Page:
Keeping low-income college students from going hungry
Before COVID-19 arrived in the U.S., millions of college students already weren’t sure where their next meal would come from. This pandemic has further intensified this food insecurity and poses significant challenges as colleges plan to reopen this fall.
This summer the U.S. Bureau of Labor Statistics reported the unemployment rate among 20 to 24 year-olds jumped from 9 percent to 26 percent, making it one of the hardest hit age groups. Urgent policy action is needed to ensure the health and wellbeing of these young people.
Pre-pandemic, one in every three college students in the U.S. – more than 7.8 million – were living in or near poverty. Most undergraduates (72 percent) needed financial aid, and students experiencing economic hardship and food insecurity reported lower grades and delays in degree completion. Students of color, who now make up 45 percent of enrolled college students in the U.S., are among the most likely to experience food insecurity. Many of these are also first-generation college students, who don’t have a parent that graduated from college, which makes them even more vulnerable.
Federal nutrition assistance programs, such as SNAP (Supplemental Nutrition Assistance Program, formerly known as Food Stamps) were not designed to meet the needs of today’s students and were written under the assumption that college students were generally from families of means and were supported by their parents. Most able-bodied students aren’t even eligible for these benefits unless they meet certain criteria like if they are part of a work study program, get assistance under Title IV-A program, or is a single parent, to name a few.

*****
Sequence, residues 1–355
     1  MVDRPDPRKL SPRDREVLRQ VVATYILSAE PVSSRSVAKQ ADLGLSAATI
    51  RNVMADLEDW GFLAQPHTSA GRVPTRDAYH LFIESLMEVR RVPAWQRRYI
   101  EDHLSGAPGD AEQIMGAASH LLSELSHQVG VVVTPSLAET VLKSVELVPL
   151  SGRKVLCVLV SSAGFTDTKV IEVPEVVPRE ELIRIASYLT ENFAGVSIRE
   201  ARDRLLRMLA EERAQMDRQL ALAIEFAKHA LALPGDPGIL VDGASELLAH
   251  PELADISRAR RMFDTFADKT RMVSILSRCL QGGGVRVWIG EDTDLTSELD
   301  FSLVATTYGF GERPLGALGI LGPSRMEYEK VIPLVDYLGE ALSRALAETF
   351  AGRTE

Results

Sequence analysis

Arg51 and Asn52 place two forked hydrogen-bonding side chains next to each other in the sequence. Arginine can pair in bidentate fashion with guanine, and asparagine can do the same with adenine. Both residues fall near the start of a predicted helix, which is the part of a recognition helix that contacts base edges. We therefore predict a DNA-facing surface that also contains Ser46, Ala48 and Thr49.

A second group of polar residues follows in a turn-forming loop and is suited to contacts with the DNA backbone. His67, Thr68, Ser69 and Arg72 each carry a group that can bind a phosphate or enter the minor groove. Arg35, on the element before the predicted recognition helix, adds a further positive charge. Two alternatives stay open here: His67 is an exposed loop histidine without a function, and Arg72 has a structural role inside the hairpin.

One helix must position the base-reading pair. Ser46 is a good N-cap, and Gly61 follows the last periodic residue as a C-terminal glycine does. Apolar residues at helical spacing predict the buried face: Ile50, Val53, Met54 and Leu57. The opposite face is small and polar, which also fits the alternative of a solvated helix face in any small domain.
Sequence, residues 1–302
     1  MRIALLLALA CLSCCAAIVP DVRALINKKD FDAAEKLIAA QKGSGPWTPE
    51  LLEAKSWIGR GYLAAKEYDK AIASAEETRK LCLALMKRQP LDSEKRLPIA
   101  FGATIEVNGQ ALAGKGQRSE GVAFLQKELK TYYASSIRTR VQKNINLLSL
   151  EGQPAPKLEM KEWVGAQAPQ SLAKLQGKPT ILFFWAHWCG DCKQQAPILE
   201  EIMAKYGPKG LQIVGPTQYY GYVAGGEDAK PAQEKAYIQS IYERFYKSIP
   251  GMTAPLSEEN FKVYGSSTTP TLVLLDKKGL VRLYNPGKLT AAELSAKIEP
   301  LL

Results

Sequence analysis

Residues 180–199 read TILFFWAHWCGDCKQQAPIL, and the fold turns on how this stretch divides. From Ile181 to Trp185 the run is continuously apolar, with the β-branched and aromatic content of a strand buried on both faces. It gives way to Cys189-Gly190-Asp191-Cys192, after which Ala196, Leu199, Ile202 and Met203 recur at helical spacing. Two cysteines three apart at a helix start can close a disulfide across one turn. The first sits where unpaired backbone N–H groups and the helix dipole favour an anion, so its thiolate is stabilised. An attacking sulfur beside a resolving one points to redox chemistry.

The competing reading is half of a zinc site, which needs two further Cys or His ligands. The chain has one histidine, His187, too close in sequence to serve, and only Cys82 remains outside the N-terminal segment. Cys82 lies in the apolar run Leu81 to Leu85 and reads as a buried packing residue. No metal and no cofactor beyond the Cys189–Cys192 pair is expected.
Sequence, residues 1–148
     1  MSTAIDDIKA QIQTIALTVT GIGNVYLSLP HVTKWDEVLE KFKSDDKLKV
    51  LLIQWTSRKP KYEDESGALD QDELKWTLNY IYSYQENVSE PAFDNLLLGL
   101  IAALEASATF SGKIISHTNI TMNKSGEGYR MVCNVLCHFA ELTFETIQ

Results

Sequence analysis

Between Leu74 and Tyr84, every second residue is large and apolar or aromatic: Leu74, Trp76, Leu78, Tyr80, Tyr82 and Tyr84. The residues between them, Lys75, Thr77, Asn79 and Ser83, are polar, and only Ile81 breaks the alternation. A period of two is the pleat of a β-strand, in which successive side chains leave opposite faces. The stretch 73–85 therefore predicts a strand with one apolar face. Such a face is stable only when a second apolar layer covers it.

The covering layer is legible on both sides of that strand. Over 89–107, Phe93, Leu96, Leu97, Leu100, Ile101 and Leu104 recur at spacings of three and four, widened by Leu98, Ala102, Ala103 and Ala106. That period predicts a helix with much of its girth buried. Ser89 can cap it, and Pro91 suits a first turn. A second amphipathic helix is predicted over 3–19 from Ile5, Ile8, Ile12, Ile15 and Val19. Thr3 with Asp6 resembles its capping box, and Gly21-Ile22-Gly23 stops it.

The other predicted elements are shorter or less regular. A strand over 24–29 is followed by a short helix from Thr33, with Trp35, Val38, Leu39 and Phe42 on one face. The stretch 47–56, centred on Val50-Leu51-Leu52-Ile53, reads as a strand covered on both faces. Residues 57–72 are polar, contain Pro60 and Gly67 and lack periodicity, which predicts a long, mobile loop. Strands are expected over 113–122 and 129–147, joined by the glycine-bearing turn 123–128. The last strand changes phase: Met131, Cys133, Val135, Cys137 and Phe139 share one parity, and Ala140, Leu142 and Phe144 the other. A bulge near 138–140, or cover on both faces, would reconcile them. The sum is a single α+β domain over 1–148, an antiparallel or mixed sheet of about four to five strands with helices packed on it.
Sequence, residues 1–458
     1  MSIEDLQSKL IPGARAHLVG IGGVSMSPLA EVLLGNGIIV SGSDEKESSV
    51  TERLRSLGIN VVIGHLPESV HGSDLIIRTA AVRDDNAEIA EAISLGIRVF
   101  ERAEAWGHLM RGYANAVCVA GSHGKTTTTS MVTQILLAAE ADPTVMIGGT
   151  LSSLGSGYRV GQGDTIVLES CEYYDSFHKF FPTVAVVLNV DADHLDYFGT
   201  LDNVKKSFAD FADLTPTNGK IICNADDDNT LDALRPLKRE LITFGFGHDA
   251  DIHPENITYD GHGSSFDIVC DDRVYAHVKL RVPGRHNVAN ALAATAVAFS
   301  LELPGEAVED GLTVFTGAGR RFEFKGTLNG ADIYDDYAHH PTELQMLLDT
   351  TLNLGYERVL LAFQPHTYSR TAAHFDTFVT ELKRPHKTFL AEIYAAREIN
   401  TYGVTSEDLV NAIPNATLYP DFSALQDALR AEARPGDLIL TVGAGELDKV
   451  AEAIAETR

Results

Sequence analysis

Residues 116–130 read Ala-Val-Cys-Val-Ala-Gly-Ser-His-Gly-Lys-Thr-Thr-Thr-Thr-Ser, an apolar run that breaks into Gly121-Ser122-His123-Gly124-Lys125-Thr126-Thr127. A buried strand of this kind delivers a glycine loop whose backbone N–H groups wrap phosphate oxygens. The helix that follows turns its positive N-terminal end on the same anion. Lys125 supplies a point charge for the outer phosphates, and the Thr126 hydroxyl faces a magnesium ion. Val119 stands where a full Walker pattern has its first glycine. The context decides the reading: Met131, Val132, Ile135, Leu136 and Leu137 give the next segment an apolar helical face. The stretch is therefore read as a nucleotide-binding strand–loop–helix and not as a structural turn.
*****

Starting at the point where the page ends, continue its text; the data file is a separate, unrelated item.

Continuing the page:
However, many students don’t meet these limited criteria. A recent Government Accountability Office (GAO) report found that more than half of students who are eligible under these criteria — nearly 2 million — still don’t receive benefits. The GAO has recommended that information about SNAP eligibility be better communicated to students and that best practices and technical assistance strategies for enrolling students be better shared across state agencies. However, during an unprecedented pandemic, with far-reaching economic effects and rising poverty and food insecurity, more urgent action is needed, including actions to address gaps in SNAP eligibility for college students.
Advocates have been urging Congressional members to better address the basic needs of college students long before this pandemic but they recognize college students are particularly hard hit by the loss of college campus jobs and the closure of restaurants, among other industries that typically employ college students. Unemployment disqualifies college students from SNAP. Therefore, advocates have been calling on Congress to temporarily suspend the SNAP student rule. A number of states also requested waivers from the USDA to expand the limited eligibility criteria established under the Food and Nutrition Act of 2008 for college students, but they were denied.
The Emergency Ensuring Access to SNAP Act (EATS) and the End Pandemic Hunger For College Students Act have been recently introduced to ensure low-income college students who meet all other eligibility standards are not denied this vital federal nutrition assistance during this pandemic. Theresa McCormick, the director of programs at Second Harvest Heartland, notes that not only are low-income college students the most affected from the coronavirus school and economic closures, they’ve been largely left out of the emergency responses to the pandemic. Meanwhile, other groups have received the necessary support.
It’s time for USDA, state social service agencies, and Congress to do their homework and update SNAP eligibility, communication, outreach, and technical assistance to better align with today’s college student needs.
Melissa Laska, PhD, RD is a distinguished McKnight University professor at the University of Minnesota School of Public Health.
Sheila Fleischhacker, PhD, JD is an adjunct professor of law at Georgetown University Law Center and authored a recent review of legislative and executive developments affecting SNAP.